W3C home > Mailing lists > Public > public-html@w3.org > June 2010

Re: aside and figure elements

From: Leif Halvard Silli <xn--mlform-iua@xn--mlform-iua.no>
Date: Tue, 8 Jun 2010 14:58:19 +0200
To: Laura Carlson <laura.lee.carlson@gmail.com>
Cc: Bruce Lawson <brucel@opera.com>, Shelley Powers <shelleyp@burningbird.net>, HTML WG <public-html@w3.org>, HTML Accessibility Task Force <public-html-a11y@w3.org>
Message-ID: <20100608145819281548.8feb60d4@xn--mlform-iua.no>
Leif Halvard Silli, Tue, 8 Jun 2010 14:45:47 +0200:
> Laura Carlson, Tue, 8 Jun 2010 06:21:32 -0500:
>> Hi Leif,
>> 
>>> The
>>> point that should be emphasized is that a <figure>, regardless of its
>>> close or distant relationship to the rest of the page, is an entity of
>>> its own.
>> 
>> How is that different from aside?
  []
> Attempt on defining the difference: 
> 
> 	<aside> cannot be moved to another context without loosing a lot of 
> its original meaning. If you loose the link to the context - in any 
> meaning of "link" - the <aside> stops functioning as an aside. Being 
> "tangentially related" it *is* related and dependent on to the context.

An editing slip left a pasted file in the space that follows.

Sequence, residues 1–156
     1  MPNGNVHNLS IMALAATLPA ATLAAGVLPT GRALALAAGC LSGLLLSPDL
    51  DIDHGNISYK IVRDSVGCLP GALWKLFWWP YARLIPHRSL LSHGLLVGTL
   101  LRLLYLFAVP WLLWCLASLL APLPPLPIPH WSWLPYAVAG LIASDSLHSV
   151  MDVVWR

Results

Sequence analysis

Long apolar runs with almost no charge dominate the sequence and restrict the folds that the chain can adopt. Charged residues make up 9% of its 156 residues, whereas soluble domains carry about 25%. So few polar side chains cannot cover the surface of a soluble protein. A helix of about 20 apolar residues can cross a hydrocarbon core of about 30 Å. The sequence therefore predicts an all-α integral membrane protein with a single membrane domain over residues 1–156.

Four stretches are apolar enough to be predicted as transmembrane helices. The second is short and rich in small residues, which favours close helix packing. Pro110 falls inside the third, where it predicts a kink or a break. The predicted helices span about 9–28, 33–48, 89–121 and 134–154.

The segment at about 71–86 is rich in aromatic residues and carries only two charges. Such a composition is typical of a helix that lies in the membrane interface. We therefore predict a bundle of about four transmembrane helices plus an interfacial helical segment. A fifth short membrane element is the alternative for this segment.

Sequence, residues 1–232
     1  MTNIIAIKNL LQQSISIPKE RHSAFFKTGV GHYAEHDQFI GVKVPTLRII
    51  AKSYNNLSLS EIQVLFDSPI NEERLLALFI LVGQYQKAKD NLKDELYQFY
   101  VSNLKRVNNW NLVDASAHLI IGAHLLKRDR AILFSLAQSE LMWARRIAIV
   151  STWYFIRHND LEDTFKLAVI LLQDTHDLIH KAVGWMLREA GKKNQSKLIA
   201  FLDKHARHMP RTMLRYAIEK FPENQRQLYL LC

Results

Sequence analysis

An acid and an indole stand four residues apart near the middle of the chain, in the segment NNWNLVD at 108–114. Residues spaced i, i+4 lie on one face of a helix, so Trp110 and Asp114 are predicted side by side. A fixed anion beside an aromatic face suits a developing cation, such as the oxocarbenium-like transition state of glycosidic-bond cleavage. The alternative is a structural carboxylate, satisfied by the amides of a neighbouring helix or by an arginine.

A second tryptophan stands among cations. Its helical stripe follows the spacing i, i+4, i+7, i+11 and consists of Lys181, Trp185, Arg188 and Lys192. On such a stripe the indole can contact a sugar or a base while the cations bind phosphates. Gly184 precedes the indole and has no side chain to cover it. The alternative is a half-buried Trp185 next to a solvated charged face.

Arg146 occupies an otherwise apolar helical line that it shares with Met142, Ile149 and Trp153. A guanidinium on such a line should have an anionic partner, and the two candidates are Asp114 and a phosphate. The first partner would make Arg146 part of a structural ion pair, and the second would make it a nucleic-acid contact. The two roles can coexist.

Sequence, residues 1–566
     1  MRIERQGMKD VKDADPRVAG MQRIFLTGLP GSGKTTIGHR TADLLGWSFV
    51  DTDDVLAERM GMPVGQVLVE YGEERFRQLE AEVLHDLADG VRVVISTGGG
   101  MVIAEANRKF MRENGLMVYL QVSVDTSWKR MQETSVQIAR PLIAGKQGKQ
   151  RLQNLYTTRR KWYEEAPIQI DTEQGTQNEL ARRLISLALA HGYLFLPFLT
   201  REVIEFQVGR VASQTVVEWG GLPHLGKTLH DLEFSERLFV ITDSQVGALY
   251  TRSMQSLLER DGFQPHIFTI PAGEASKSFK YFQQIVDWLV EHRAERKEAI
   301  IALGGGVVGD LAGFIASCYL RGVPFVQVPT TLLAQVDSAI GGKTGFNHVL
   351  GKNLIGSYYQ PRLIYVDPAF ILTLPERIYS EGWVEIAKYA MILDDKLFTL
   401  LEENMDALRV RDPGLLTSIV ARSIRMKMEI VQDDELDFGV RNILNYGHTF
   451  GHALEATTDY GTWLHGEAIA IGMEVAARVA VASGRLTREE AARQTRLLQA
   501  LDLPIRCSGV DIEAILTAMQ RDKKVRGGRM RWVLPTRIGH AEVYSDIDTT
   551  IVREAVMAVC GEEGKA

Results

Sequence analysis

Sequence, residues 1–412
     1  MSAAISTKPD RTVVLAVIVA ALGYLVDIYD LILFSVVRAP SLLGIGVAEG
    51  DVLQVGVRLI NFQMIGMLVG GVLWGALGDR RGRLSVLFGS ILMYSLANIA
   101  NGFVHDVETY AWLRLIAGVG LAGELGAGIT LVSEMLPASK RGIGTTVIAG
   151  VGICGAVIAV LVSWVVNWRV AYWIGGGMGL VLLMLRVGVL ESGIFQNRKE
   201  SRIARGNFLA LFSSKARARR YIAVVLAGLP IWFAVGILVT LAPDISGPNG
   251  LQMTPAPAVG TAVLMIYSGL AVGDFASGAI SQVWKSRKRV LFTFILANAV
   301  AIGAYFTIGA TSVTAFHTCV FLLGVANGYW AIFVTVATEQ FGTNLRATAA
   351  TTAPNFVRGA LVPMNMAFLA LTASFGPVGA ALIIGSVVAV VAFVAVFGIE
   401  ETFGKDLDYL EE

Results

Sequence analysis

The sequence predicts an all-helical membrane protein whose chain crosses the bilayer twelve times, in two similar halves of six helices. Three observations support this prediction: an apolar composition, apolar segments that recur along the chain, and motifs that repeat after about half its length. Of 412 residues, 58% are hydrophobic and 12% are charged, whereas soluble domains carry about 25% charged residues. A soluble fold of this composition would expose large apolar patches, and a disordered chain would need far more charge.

> 
> 	<figure>, while it can also "take up" meaning from the context in 
> which it is located, it may also be moved to another location and still 
> be meaningful in itself and on its own. Thus a <figure> can be dropped 
> into many different contexts and still be meaningful.
> 
> To better discern <figure> from <aside>,  how about *requiring* 
> <figure> to have a summary/caption? Because, the way I see it, unless a 
> <figure> has a caption, it is difficult to perceive it as an 
> independent entity suitable for more than one context.

Next question: is it any *useful* to discern between <figure> and 
<aside>? 

I think, yes. I think an AT user e.g. might want to ask the user agent 
to provide an overview over all the figures a page/article has. This 
might be useful and interesting on its own.  Whereas to ask for a list 
of all the <aside>s of the page/article, while it could be interesting 
to read all the asides, one by one, the reader needs to have a lot more 
context for such a rehearsal to meaningful.

I mean ... an 140 character message depends a lot on the reader knowing 
context.

(I hope I am not putting too much of my private interpretation of the 
word "aside" into this.)
-- 
leif halvard silli
Received on Tuesday, 8 June 2010 12:59:00 UTC

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